We all ban (sort of) books

Though the month escapes me, every year Barnes and Noble features famous banned booksDear_john_novel_by_nicholas_sparks.jpg in their stores. The collection includes such titles as The Catcher in the Rye, Candide, Lolita, and even the Bible. Many of the books are now ubiquitous in libraries and bookstores. But there was a time when the government restricted certain books from being sold in the United States and carried in public libraries.

Some sheep from another flock have accused me of banning books. It sounds so dark and dictatorial. Images of brown shirts from Nazi Germany come to mind. I, however, prefer Bradburry's firemen of Fahrenheit 451. They got to ride in trucks and set fire, not only to selected books, but all of them. The firemen did not have to bother with sorting through titles. But, so far as I know, I have not yet been accused of actually burning books. But there is still time.

The power to ban books requires quite a bit of heft. I tried to recall a moment in ministry when I had ever wielded such frightening influence. Then a thought came to mind. A few years ago I (along with two other staff pastors and the encouragement of some elders) warned the ministry staff of a particular church of the errors of Sarah Young's tragically popular Jesus Calling. After three meetings trying to explain the doctrines of revelation and the Scripture's inspiration and sufficiency I made it clear that ministry staff should not recommend or distribute copies of Jesus Calling to church members. I doubt that even non-Ref21 readers would describe that as banning books.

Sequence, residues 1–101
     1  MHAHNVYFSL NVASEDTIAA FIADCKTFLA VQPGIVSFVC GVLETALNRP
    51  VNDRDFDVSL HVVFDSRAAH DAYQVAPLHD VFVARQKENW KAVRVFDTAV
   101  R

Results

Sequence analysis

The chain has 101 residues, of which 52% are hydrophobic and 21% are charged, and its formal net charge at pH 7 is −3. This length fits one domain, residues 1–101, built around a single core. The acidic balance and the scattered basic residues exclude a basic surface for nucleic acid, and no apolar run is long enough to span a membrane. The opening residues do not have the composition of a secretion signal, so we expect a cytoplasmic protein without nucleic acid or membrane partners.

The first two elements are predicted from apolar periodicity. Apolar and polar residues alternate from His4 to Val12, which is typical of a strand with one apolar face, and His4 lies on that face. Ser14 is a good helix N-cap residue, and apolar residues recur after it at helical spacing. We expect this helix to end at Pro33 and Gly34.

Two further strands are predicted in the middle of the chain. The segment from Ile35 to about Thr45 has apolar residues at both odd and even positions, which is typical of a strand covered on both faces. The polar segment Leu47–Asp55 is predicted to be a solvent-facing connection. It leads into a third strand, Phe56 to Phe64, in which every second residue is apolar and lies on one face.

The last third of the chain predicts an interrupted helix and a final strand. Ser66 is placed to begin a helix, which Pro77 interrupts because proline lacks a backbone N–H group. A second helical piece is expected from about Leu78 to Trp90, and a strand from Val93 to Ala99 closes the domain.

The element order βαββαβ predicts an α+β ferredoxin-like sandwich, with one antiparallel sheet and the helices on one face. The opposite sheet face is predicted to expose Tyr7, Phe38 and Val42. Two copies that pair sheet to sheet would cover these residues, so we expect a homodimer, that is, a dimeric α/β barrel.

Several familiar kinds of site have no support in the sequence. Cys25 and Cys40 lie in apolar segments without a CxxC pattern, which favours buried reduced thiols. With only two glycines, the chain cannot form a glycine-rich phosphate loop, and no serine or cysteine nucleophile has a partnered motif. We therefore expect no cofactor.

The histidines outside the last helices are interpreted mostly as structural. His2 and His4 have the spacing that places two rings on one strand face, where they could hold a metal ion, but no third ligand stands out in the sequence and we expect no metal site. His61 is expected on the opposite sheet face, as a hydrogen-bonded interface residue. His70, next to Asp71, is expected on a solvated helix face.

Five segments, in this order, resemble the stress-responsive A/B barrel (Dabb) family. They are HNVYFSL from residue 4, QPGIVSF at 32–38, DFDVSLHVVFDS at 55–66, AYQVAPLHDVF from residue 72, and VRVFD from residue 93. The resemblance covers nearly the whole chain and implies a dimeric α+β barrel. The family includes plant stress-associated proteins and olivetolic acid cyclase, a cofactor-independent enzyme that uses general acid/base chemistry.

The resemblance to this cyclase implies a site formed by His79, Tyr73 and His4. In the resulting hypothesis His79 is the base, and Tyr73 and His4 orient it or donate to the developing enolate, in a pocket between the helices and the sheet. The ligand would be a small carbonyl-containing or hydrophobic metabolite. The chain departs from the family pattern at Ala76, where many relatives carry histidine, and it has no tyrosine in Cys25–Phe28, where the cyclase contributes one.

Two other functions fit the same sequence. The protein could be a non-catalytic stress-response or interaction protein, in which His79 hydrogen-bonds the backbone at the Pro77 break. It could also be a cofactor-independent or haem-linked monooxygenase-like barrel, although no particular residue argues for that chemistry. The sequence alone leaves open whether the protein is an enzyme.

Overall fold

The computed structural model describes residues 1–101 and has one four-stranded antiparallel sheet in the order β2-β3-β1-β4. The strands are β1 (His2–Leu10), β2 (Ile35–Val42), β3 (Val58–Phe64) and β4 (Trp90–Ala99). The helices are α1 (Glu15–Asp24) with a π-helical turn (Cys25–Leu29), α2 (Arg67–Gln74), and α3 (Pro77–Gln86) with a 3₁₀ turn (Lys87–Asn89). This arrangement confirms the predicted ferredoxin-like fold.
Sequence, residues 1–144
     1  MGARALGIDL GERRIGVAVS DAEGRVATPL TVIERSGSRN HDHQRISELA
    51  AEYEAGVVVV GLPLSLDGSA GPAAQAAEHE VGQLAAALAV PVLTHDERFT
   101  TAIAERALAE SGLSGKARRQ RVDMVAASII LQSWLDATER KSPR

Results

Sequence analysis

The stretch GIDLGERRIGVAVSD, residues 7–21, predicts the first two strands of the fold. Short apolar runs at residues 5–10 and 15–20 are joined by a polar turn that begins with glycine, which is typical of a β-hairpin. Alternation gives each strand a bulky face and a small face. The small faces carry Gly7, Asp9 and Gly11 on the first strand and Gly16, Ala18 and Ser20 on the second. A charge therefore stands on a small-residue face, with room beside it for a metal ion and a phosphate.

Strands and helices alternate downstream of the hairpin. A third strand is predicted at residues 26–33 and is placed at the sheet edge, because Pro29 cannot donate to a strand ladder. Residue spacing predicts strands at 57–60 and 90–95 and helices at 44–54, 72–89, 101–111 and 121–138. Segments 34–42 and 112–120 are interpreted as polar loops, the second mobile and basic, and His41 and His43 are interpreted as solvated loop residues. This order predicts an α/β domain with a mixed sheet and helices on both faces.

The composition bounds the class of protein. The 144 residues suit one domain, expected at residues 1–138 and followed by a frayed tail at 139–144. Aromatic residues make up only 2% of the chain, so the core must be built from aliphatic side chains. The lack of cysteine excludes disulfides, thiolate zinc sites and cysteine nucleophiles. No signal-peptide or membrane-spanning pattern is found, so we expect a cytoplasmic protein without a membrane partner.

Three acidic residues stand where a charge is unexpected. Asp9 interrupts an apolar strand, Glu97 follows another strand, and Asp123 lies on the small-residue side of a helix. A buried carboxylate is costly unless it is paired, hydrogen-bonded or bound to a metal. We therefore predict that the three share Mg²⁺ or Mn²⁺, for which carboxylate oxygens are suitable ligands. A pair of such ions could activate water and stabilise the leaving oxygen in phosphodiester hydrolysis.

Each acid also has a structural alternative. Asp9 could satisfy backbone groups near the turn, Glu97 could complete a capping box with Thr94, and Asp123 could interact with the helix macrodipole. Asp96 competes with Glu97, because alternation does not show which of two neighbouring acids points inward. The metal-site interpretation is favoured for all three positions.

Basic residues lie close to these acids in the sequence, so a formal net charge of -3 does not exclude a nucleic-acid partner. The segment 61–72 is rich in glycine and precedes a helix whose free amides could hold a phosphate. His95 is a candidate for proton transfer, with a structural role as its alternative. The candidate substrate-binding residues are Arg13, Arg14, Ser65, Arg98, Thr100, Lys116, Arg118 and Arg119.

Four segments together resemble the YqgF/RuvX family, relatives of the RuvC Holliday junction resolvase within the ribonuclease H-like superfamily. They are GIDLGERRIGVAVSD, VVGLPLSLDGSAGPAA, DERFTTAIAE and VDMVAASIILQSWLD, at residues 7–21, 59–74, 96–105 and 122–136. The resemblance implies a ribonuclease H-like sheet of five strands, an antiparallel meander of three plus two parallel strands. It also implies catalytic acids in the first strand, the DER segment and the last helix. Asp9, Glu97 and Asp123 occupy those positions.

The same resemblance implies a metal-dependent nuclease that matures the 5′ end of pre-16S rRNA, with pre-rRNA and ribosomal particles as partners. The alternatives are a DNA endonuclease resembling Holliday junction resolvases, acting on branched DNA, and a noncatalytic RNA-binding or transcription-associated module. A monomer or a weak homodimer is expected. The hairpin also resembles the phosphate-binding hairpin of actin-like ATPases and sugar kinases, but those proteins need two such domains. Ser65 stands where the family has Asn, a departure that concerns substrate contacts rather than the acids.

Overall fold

But it leads to an interesting question: Should pastors place boundaries around what books the ministry staff who report them may recommend? Indeed, are there any pastors who do not insist on such boundaries? For instance, would a United Methodist pastor encourage people to read Michael Horton's For Calvinism? Would a Disciples of Christ pastor be okay with a member of his church's ministry staff giving away copies of Christianity and Liberalism? How about a Southern Baptist pastor? Would he celebrate diversity if a member of his staff recommended a book teaching paedo-baptism? I don't think I need to offer any more examples to support the point I am making.

Urging people away from certain books and insisting that ministry staff not recommend them is an important task of the pastor these days. This is particularly so in an age when theological nonsense is so widely distributed and easily attainable. It is the pastor's duty to protect the purity and unity of the flock he serves as shepherd. He does this in part by pointing those for whom he is responsible away from that which will lead them into error. To insist that he abandon this duty is to call him away from that for which he will give an answer.

I truly do not have the power to ban books. I can warn people that certain books are filled with error and will lead them into those same errors. I can warn that some books are divisive because of their doctrinal error. But I cannot actually ban books. Although I must say that the power to do so seems rather tempting. I would use that power not to ban Jesus Calling but all novels by Nicholas Sparks.

Concerning Jesus Calling, I'm not finished yet with Miss Young's book. I am planning to violate evangelicalism's canons of niceness in at least one more post.